Friday, August 18, 2017

Cannonades

Tonight I heard them, the cannonades. Not sure that's a word, maybe just made it.

But it's a fitting description of late night San Simeon sound when, with windows open, I  hear violent surf crashing against the inlet.


The ocean once presided over much of the world. It seems intent tonight on taking it back.

Breaker after breaker.
Often sounding only 30 yards from my back deck, sometimes it echoing back from the hills behind us.

Nelson's victory at Trafalgar, Odysseus conquers the Aegean.
Nice reading.

But
ultimately, the ocean wins.

Sunday, August 13, 2017

Desert Solitaire


Edward Abbey’s Desert Solitaire was very much on my mind tonight and my aimless mind composed yet another ignorable blog entry…

Leaving San Simeon in a few weeks and my beach friends will soon be asking me what I see in the deserts of Arizona.

Well, try to consider...

Life, Death, and Coexistence on a grand and immediate scale.

I’ve recently spent three days with a friend in the California high country and managed to drag my sorry butt to the higher 9000 foot lakes. 

We saw two deer, one or two squirrels. And a lot of dead trees.

In a month or so I will return to the city of Tucson and a backyard filled with roadrunners, doves, quail, multiple squirrel species, and the occasional snake, tarantula, coyote and a possible gila monster.

And so from Edward Abbey’s, Desert Solitaire:

The desert is a vast world, an oceanic world, as deep in its way and complex and various as the sea.

But a better passage was provided by my brother Mark, a near- native Tucsonan:

The Desert:  Its brilliant colors, its diverse wildlife, its vast empty places and all its veiled beauty--grows on you.  No one comes here expecting to stay; the landscape is just too harsh, too barren and too unforgiving, not at all what we are used to or even what we imagine we would like.

 But the air, the silence, and the seductive encore of a thousand crimson sunsets, slowly and imperceptibly pulls us in, wins us over and holds us captive, to this steadfast celebration of life, in the most austere and inhospitable of surroundings.  If even the dry and dusty desert can bloom, then so can we.

You nailed it Mark.
Thanks.

 

Monday, July 17, 2017

Dinosaurs

This is what happens when you forget to spray insecticide around your house:



The lizards get big and fat and growl when you walk by.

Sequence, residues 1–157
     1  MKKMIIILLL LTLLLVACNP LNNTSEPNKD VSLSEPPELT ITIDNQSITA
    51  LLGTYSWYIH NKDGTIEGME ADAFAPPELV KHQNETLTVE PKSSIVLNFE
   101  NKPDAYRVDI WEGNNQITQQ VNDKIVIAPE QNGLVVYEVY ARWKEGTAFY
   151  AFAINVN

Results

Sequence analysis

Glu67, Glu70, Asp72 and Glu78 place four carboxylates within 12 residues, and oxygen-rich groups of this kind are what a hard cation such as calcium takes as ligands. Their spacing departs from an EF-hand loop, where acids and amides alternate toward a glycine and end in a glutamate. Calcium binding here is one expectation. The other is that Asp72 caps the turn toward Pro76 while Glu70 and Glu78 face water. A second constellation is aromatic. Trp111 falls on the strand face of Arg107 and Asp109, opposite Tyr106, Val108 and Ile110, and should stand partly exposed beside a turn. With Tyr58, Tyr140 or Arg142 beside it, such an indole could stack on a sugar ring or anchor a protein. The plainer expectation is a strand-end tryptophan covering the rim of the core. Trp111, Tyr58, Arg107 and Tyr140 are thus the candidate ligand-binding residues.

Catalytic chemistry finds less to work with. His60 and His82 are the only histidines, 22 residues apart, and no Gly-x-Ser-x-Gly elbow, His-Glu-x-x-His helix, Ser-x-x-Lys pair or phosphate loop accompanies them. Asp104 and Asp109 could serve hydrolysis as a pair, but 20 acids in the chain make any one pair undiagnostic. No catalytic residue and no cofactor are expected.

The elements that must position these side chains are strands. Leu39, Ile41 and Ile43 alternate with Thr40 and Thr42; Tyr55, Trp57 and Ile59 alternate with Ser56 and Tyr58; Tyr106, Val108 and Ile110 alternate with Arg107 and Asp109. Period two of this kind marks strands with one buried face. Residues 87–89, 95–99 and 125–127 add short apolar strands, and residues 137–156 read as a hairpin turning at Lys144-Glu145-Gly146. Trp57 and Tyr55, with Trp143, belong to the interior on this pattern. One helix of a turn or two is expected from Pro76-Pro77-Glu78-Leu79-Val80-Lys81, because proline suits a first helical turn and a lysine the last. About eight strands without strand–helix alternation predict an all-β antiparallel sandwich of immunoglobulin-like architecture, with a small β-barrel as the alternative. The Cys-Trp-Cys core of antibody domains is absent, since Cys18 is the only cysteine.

Sunday, July 16, 2017

Haiku for Tribune
 7/14/17

1:45 am

I don't want to live
In a big city place where
Coyotes don't sing.

Saturday, July 15, 2017

User Guide Warning: Aging Humans

If you are over sixty, consider the harmful effects of taking up artistic pursuits, i.e. painting, drawing, or water colors.
     1. It will rewire your brain in unpredictable ways.
     2. Your experience of reality might drastically change.
     3. Whereas you saw shapes and colors, you will now
          perceive the added dimension of depth, shadow,
          light--its absence and presence.
     4. Drawing a simple and boring pine cone, after forty
          years of not drawing nothing/anything,
          is now a herculean task.

 


     5. You might discover little talent. Much worse, a
         modicum of it. Either way, you're screwed and
        decades late.

But you can at least get closer to the destination.

Sunday, July 2, 2017

Sunday, Evil Sunday

I walked downhill for a Sunday paper from the corner store.
Passing our auxiliary parking lot of three much coveted units, I saw an elderly lady standing by an open-hooded car.
Her appearance and sweet demeanor reminded me of a Warner Brother's cartoon, the grandma owner of Tweedy-Pie, you know, the bird that always says, "I taught I saw a pussycat"?

Smiling my best Dexter smile I said "Hello" and walked on.

After purchasing a newspaper, a chance meeting with a neighbor, Eddie, found us both walking back up the hill. When we reached the sweet old lady, still standing beside her open-hooded grey car,  Eddie gallantly asked, "Do you need help?"
"Oh no," she said, "I'm waiting for Triple A to bring me a new battery."

Eddie and I parted company and I was two sections into my paper when a tow truck passed by my living room window.

A mere two minutes later, Satan HIMSELF appeared outside that same window!
He was disguised as my next-door neighbor Bill.
"Hey, John..."
I opened my window, but only part way (mindful never to grant evil forces a full run of your household)
"What?"
"There's a parking space available down there," he said in a smooth and seductive voice. "Why don't you take it?"
"I don't know," I replied to Bill/Satan and after a long moment, "It seems kind of mean..."
Eventually the evil apparition drifted away from my window.

My wife, sitting beside me and a full spectator to my temptation, was appalled.
"What, you're not going to take it? That car has sat there unmoved for at least four months! I'd take our car down there myself if I wasn't in my robe."

I said nothing, sin of omission.

In a flash, my wife threw off her ritual flowered muu-muu and appeared instantly in street clothes. Car keys in hand, she flew out the front door. I glimpsed a head shaking in disgust as she charged our car down the street.

She returned.
Feeling a bit queasy, I sought fresh air on our back deck.

A grey car was circling the park, like a mother bird searching for a nest.

A raven stood in outrage.
I wanted a shower then--and absolution.


 
 

Wednesday, June 21, 2017

It's Hot Here

How hot is it?

Yesterday 116, but today is a cooler 115--both record breakers for this region of Hell.